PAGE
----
Lab 1: What was the stimulus? (PDF)
The purpose of this laboratory exercise is to illustrate how sound stimuli are coded in the temporal discharge patterns of auditory-nerve fibers. The auditory nerve is a good starting point for understanding neural coding of acoustic stimuli because responses are stable, well-characterized, and relatively easy to interpret in terms of cochlear mechanisms. The techniques you will be using in this lab are also applicable to neurons in the central auditory system and other sensory systems. One limitation of this exercise if that only techniques for analyzing response of single neurons are considered. A different set of techniques deals with how information is coded in networks of interconnected neurons.
Lab 2: Fundamentals of perceptual audio encoding (PDF)
Lab 2 Notes (PDF)
Lab 2 materials courtesy of Craig Lewiston. Used with permission.
No aspect of auditory psychophysics is more relevant to the design of perceptual auditory coders than masking, since the basic objective of perceptual audio coders is to use the masking properties of sounds to hide quantization noise.
In the spirit of MIT's motto, Mens et Manus or learn by doing, this lab allows you the opportunity to carry out some psychophysical measurements on yourselves and gain some "ear-on" experience with auditory masking. The experiments should be carried out in pairs, so you can take turns running the experiments.
Lab 3: Single-unit typing in the cochlear nucleus (PDF)
In this laboratory, you will classify single units recorded from the cochlear nucleus on the basis of their PST and interspike interval histogram shapes. The data was recorded from an anesthetized preparation in an experiment performed by Dr. Peter Cariani. You will be provided with a tape recording of spikes and a computer program that enables you to construct the histograms. You will work in groups for the lab, but please write separate write-ups of your results. For your lab write-up, please limit the text to 4 pages (excluding figures).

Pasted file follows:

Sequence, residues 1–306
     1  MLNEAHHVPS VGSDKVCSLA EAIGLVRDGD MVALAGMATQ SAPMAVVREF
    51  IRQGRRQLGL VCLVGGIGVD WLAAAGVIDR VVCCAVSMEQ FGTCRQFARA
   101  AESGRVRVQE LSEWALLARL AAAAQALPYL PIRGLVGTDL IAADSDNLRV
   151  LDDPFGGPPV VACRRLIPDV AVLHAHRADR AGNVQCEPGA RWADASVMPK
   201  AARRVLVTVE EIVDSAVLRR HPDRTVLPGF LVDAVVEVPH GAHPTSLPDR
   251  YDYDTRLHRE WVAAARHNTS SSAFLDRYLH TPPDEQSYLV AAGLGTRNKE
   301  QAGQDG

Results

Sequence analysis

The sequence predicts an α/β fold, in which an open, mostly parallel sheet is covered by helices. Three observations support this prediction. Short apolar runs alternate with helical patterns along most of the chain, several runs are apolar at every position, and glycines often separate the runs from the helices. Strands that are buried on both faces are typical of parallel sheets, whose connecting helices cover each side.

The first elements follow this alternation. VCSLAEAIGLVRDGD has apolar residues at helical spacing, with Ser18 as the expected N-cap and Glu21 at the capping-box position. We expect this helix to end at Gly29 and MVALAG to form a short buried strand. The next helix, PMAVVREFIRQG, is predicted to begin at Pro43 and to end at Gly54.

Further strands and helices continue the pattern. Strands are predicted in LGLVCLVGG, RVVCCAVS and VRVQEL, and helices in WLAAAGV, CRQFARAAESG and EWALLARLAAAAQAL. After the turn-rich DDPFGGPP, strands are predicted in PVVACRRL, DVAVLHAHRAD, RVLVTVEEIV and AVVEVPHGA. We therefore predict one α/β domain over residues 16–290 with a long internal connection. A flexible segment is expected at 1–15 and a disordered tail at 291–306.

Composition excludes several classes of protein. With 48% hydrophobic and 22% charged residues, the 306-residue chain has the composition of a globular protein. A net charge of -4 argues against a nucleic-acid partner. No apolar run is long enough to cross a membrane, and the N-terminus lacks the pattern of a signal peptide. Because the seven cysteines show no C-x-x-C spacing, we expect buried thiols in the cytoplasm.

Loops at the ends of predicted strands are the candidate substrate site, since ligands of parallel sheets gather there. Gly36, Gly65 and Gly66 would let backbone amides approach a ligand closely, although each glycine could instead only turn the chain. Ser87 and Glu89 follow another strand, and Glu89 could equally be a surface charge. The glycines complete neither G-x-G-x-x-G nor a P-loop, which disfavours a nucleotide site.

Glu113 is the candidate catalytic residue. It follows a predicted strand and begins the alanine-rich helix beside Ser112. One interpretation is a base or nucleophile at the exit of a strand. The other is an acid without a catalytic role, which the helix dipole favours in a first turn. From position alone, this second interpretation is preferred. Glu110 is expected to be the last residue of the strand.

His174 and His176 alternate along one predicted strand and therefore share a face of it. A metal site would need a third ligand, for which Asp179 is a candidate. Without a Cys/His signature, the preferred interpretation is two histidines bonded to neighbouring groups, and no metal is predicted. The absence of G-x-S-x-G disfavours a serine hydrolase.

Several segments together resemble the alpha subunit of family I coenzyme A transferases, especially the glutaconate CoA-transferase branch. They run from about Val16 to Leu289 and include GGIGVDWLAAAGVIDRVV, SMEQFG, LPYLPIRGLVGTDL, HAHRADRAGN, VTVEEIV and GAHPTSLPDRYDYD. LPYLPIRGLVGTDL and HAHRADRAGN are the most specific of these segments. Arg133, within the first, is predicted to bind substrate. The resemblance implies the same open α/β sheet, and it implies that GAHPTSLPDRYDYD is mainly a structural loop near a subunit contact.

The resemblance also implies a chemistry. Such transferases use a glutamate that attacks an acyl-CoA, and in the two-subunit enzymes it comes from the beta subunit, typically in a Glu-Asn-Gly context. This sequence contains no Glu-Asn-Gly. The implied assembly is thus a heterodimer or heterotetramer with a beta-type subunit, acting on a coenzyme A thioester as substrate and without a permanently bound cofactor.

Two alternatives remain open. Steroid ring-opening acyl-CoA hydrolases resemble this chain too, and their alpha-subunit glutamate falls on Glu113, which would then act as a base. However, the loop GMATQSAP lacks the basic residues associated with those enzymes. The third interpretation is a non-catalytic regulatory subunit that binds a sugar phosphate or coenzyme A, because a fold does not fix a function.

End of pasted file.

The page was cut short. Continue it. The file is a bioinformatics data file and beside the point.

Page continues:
Lab 4: Neuroanatomy demonstrations (PDF)
This brief introduction to the neuroanatomy demo describes the main types of stains used in for revealing different anatomical features of neurons, and how the different types of cochlear nucleus neurons appear under these stains.
Lab 5: Compartmental model of binaural coincidence detector neuron (PDF)
The purpose of this laboratory exercise is to give you hands-on experience with a compartmental model of a neuron. Compartmental models differ from point neuron models such as the Kalluri and Delgutte (2003) model studied in the Cochlear Nucleus theme in that they explicitly represent the geometry of the neuron. In a point neuron, all points inside the cell are assumed to have the same electrical potential. This assumption is appropriate for neurons that are "electrically small", i.e. small relative to their length constant. For neurons with long, thin dendrites, the point neuron assumption is inappropriate, and one must use a compartment model. In this type of model, the neuron's volume is divided into separate compartments, each with its own potential. Typically, there could be separate compartments for the cell body, the axon hillock, and several compartments for the axon and each of the dendrites. The potential at each point is determined by the distribution of both active and passive membrane conductances as well as the intrinsic resistance of the intracellular material. Obviously, compartment models can be computationally much more demanding than point neurons.